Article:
Political rivals in battle over sell-off of forests

IN FAVOUR -- Hucknall's MP, Mark Spencer (Con)
IN FAVOUR -- Hucknall's MP, Mark Spencer (Con)

THE ROOTS of the latest clash between Hucknall’s Conservative MP, Mark Spencer, and a Labour rival are embedded in controversial plans to sell swathes of Britain’s forests.

It’s General Election, Round Two as Mr Spencer is tackled by Emilie Oldknow.

The coalition government wants to offload land that is currently run by the Forestry Commission. It wants to raise money and also encourage the private sector, community groups or charities to take on sites.

Mr Spencer is backing the move and says there are “exciting aspects” that will get enthusiasts more involved in protecting prized woodland in the Dispatch district.

But the scheme has been slammed by Mrs Oldknow, who was defeated by Mr Spencer when she stood as the Labour candidate for the Sherwood seat, which includes Hucknall, at the General Election last May.

Labour tabled a Parliamentary motion in a bid to halt the government’s plans and Mrs Oldknow, along with local campaigner Tom Twigger, of Papplewick, called on Mr Spencer to vote against his party.

Mrs Oldknow said to Mr Spencer: “Over the last few weeks, many people in Hucknall and Sherwood have contacted me with their fears about the proposed sale of local forests and woodland.”

She added: “I remember well the spirited debates we had in last year’s election campaign. I particularly recall your emphasis on protecting our green space and natural beauty.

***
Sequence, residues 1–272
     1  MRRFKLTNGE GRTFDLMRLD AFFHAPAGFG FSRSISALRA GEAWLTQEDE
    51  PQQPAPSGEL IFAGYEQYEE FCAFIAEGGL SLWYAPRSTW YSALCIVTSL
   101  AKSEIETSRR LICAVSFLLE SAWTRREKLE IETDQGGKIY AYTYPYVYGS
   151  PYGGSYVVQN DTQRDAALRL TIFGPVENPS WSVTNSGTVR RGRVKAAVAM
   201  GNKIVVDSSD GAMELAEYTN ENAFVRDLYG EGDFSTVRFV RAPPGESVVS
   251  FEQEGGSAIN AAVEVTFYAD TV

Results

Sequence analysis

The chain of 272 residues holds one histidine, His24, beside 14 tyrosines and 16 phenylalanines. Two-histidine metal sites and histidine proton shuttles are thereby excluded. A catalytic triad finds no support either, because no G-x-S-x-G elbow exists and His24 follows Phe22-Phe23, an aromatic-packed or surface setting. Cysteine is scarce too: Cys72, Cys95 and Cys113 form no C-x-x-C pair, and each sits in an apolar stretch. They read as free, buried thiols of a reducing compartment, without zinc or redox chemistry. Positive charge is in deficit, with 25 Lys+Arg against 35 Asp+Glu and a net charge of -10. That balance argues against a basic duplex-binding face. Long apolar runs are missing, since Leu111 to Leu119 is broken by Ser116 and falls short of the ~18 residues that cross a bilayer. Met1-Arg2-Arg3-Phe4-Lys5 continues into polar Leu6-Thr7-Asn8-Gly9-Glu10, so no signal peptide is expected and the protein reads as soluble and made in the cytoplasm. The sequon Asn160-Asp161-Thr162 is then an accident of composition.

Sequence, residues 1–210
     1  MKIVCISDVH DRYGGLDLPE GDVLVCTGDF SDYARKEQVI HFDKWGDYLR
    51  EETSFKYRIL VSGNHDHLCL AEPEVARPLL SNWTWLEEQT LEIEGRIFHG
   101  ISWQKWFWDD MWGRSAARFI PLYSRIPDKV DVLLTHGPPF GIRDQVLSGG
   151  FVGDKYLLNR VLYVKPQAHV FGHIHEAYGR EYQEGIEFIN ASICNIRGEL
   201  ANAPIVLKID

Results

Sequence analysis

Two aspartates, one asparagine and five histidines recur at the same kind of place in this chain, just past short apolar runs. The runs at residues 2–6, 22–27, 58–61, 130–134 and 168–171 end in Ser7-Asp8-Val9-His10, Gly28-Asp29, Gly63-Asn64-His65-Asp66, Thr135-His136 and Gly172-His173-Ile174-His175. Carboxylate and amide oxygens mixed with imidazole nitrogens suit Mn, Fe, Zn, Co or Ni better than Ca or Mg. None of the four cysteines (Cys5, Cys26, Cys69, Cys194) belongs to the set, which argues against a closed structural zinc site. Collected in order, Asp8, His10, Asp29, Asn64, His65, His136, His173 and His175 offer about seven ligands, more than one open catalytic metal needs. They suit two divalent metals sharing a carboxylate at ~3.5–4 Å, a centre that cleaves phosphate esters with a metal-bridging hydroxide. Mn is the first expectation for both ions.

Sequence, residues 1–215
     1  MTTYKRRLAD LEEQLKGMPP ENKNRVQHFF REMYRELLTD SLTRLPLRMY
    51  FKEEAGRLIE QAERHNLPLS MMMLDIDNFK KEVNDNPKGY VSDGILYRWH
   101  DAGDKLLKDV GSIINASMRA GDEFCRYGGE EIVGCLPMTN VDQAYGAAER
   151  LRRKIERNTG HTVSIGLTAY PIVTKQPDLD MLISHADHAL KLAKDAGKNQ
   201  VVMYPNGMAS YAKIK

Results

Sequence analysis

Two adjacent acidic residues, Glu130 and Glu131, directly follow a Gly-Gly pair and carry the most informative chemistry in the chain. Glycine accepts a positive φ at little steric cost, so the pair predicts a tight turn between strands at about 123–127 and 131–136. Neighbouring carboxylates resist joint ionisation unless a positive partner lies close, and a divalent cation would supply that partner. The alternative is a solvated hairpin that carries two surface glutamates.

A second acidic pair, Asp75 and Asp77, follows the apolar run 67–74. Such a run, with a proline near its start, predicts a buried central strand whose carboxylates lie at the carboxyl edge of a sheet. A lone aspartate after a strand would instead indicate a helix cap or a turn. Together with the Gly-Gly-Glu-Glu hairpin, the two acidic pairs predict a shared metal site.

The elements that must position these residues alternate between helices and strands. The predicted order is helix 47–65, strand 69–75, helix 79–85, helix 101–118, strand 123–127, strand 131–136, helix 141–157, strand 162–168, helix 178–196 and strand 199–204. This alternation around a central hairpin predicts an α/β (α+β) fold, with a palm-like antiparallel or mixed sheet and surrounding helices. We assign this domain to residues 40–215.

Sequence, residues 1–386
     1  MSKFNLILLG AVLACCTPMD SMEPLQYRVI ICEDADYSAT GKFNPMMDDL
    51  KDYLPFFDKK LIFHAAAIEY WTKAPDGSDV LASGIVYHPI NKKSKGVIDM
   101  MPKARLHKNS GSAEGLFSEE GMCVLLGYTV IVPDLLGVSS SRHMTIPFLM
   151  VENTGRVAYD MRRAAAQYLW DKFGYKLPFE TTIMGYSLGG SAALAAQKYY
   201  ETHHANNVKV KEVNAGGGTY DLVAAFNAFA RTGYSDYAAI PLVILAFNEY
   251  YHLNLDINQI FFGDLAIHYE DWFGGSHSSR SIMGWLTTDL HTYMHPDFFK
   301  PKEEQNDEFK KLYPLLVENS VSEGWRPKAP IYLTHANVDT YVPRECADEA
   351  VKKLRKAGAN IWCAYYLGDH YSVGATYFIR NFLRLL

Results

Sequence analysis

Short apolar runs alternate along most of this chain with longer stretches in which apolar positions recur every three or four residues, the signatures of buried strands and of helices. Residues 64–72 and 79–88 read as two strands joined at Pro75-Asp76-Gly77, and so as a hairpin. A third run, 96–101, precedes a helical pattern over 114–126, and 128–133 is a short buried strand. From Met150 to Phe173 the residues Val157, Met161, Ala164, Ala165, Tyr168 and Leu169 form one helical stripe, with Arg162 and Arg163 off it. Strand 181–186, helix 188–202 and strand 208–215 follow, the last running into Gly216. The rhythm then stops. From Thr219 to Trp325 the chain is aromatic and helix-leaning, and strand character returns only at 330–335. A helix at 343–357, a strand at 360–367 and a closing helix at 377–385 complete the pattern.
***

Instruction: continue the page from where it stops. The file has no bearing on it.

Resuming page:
“Given this, will you join me and local people in campaigning to get your government to change its mind?”

But Mr Spencer voted with his party and replied to Mrs Oldknow by pointing out that Labour sold off 25,000 acres of public forest without ensuring strong rights of access and without consultation.

He highlighted that Sherwood Forest is not part of the plan because that is already privately owned.

Mr Spencer also believes that safeguards will make sure walkers have access to woodland, which will remain protected for future generations should the government scheme be passed.

He says that community groups would be given first refusal when any forestry came on to the market.

“I want to explore the possibility of the people of Sherwood taking over and running local forests as a community project,” said Mr Spencer.

“It seems to me that there is no difference between a private tree and a public tree. The Major Oak has been private for years with well-run footpaths and services we all enjoy access to. The government’s proposals will maintain exactly this kind of access.”

He added: “I have received hundreds of letters telling me how much local residents value their forests.

“I very much hope they will put their energies into celebrating their local woods by supporting a community bid.

“I will continue to champion our beautiful forests and our rights of access.”

In response, Mrs Oldknow said: “People across the Sherwood constituency have been vocal in opposing the sell-off of local forests and woodland.

“This is why I’m disappointed that Mr Spencer, despite local lobbying, has voted in favour of the Tory-led government’s plans to sell off forests.

“Our public forests and woodlands are a precious part of our national heritage, which is why Labour will continue to campaign to protect them.”